Alec Baldwin: He’d take the clipping out of his wallet.
Eric Fischl: [Laughter] Yeah, exactly.
Alec Baldwin: ‘This is from The New York Times. My little E-R-I-C F-I-S-C-H-L’ – no E-L.
Eric Fischl: No E. No E. Well, you know he –
Eric Fischl: He became an artist at the end of his life as well. He discovered collage and it took him a while after he retired to – he tried other things and then all of a sudden, he found himself, sitting in his office at home, cutting pictures out and gluing them together. You know, he was not a schooled artist but he had an eye and he had a kind of liveliness to these collages that he made that were very expressive.
And by the time he died, I’d realized that he and I could never talk to each other. We just kept missing, you know? But we understood each other visually, and so he would send me his collages and I knew exactly what he was thinking about, where he was at, how he was feeling. He was really communicating through these visual images.
And he showed me that he was – had been using my paintings to understand what had happened in our lives with my mother and the whole family dynamic. And so we, actually, were both visual people who understood what that meant to communicate visually to each other. So it was deeply rewarding to me ultimately, but it took me a while to understand it.
Alec Baldwin: Did he ever talk to you about your paintings and his view of your paintings?
Eric Fischl: Well, at first, he didn’t – he talked to me about success. He could in – be enthusiastic for this show and that show, et cetera, et cetera, but there was this thing that happened. It was, I think – you know, really blew my mind, which was that I had done a painting, called A Woman Possessed, and it was a painting of a woman outside this suburban home, drunk, passed out in the driveway, surrounded by these dogs that were like beasts from hell.
Some were sniffing her, some were growling at the son, who had just come home from school, the schoolbooks are on the ground, his bicycle’s flipped over, he’d hopped off his bike. So this boy is trying to pull her away from these dogs and – her demon dogs. I showed the painting in Toronto and the critic described it in the most beautiful terms.
He understood it as a painting that revealed the profound pain of love, of loving someone, right? And it was a painting – it was the only painting in this show. It was a one painting show and he wrote extensively about it and so proud son sends it to my father and unbeknownst to me, my father sends the review off to my siblings, right? And my younger sister, Laurie, writes back a letter to him. She’s furious.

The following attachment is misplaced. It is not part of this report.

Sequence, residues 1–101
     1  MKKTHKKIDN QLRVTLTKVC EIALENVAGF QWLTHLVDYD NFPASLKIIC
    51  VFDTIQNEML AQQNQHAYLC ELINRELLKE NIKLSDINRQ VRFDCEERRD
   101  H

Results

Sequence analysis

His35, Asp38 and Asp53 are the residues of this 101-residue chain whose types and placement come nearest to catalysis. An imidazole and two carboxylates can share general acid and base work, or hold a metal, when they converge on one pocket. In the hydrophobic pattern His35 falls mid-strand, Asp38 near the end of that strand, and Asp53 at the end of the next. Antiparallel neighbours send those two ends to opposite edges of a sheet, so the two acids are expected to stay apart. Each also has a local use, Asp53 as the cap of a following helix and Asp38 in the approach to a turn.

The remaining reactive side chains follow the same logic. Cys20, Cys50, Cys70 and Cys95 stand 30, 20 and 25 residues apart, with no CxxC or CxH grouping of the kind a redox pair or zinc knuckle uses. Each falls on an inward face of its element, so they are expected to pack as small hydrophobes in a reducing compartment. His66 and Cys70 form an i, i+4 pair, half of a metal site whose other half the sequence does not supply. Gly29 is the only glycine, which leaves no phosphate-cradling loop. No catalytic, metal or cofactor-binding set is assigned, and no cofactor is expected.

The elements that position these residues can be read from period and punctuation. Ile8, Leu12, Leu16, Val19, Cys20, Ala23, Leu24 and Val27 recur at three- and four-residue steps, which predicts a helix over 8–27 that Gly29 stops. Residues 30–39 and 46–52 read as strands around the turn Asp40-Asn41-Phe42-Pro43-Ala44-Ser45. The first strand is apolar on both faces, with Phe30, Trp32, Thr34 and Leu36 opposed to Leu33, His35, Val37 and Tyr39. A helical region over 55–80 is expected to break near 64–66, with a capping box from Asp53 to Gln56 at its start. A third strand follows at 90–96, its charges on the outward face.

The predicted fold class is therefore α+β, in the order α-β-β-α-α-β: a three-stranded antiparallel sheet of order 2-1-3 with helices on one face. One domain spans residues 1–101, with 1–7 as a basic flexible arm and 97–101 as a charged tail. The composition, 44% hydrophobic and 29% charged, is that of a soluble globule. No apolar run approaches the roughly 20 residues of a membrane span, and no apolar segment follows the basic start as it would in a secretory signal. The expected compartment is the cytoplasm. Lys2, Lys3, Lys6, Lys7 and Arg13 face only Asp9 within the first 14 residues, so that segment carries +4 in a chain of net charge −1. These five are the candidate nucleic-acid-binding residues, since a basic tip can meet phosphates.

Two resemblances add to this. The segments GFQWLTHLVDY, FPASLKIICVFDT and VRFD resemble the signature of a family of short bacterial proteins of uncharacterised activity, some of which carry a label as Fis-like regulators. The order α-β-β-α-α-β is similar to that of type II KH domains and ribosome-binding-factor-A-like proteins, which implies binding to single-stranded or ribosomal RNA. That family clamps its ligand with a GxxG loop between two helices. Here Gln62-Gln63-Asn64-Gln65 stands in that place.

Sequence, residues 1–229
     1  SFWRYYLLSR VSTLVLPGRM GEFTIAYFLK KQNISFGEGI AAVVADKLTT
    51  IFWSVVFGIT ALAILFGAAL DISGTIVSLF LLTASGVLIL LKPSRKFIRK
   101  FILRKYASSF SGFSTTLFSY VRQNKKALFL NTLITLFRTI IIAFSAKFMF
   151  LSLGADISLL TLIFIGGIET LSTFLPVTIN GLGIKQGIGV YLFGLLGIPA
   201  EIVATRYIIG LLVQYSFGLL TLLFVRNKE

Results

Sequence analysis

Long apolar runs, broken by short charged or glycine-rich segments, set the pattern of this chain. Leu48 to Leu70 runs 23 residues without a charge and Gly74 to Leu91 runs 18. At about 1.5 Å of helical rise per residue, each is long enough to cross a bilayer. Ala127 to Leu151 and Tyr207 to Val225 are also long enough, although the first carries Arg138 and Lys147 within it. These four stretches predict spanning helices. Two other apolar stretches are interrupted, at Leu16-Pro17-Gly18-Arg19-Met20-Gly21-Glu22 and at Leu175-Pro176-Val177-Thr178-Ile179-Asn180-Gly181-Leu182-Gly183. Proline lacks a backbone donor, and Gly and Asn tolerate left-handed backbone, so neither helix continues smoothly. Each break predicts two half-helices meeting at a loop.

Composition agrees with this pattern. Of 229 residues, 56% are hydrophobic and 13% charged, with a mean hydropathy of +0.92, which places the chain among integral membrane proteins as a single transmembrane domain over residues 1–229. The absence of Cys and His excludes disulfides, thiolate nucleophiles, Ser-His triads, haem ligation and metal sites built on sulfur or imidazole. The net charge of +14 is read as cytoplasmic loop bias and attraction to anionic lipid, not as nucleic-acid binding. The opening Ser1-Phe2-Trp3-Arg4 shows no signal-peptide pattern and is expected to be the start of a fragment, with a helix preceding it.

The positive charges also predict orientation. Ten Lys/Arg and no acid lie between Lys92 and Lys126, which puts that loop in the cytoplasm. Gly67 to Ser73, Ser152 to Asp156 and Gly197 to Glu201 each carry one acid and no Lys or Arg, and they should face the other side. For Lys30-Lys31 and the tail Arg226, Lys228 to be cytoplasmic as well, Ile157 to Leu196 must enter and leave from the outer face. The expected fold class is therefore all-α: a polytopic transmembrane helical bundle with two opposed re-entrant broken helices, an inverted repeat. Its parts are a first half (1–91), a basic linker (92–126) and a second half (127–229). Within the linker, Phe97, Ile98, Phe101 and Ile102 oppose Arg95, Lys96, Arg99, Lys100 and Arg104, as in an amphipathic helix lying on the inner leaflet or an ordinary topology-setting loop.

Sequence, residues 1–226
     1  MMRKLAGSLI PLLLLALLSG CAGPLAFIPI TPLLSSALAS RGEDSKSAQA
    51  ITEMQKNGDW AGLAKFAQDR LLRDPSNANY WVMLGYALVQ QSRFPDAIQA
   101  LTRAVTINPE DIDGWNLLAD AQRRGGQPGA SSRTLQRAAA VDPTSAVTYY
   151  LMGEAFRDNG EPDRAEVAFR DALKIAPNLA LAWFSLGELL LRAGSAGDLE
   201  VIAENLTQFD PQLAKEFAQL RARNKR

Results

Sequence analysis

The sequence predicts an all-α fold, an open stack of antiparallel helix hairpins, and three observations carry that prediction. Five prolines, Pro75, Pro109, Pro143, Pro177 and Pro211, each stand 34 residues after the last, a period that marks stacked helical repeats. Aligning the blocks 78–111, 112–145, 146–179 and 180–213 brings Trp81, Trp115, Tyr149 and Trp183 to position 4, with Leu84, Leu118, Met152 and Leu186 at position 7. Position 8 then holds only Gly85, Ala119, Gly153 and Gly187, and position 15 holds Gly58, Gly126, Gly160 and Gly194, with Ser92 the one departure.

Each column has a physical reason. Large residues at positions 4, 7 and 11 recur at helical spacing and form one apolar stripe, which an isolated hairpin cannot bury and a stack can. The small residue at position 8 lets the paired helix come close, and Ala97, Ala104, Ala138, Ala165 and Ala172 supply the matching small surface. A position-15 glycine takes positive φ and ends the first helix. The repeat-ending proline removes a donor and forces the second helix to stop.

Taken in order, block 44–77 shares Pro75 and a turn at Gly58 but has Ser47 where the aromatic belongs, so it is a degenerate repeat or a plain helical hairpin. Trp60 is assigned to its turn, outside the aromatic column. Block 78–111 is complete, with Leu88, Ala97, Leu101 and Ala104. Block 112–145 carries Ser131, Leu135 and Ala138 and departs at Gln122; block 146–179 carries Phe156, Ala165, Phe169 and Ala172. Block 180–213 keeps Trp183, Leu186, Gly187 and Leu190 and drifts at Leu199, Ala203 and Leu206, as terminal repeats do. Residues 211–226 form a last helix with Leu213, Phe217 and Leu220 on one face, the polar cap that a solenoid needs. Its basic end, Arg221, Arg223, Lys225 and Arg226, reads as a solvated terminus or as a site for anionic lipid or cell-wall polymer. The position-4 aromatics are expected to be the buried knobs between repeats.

Why is he trying to make her remember this painful time, you know? And he shared these letters to me. I didn’t know they were having – the whole communication came to me. But he shared to me her response and then his response to her, in which he revealed that he had been actually using my paintings the whole time to understand emotionally what had been happening in our lives and stuff and that he was just trying to heal something, trying to bring her into it as well and into a healing process –
Alec Baldwin: And to acknowledge his awareness.
Eric Fischl: Yeah, which took me completely by surprise that he had been seeing the work as deeply as he had, you know, revealed –
Alec Baldwin: As you intended it to be seen.
Eric Fischl: Which is what I intended and hope for, yeah.
Alec Baldwin: He might have been last on the list of people to have gotten it.
Eric Fischl: Yeah, exactly. Yeah.
Alec Baldwin: Did he find his April and marry someone that was reliable for him emotionally?
Eric Fischl: No. I mean, he married somebody that was absolutely reliable, loved him, stable – yes, in that sense, but she was such a polar opposite of my mother. I was surprised ‘cause I thought my father would just find some little bit more manageable version of my mother. The things he loved in my mother, her creativity, her—
Alec Baldwin: Triumphed over her alcoholism with demons.
Eric Fischl: Yeah, but instead, he wasn’t attached to that part of her.
Alec Baldwin: Coming up in part 2 of our conversation, Eric Fischl talks about the challenges of becoming a first-time art teacher.
Eric Fischl: I was only a couple years older than them to begin with—
Alec Baldwin: Sure, you’re a young teacher.
Eric Fischl: And I had never been taught techniques.
Alec Baldwin: And, the benefits. That’s where he met his current wife, April. This is Alec Baldwin.
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Alec Baldwin: This is Alec Baldwin and you're listening to Here’s The Thing. My guest today is Eric Fischl. For years, he and his wife worked out of their downtown Manhattan studio, but he says the city doesn’t feed him like it once did. Now he feels a greater connection to nature. Back in the early ‘80s, however, it was the perfect place to develop his craft.
Eric Fischl: SoHo was percolating. I mean, it was a real village of artists. All of the –
Alec Baldwin: It wasn’t lower Madison Avenue like it is now.
Eric Fischl: No, it was – it was not a mall, it was a village and, you know, kinda thing where you would see people you knew on the streets everyday. You’d sit and talk. You’d break bread; hang out at art bars and stuff like that.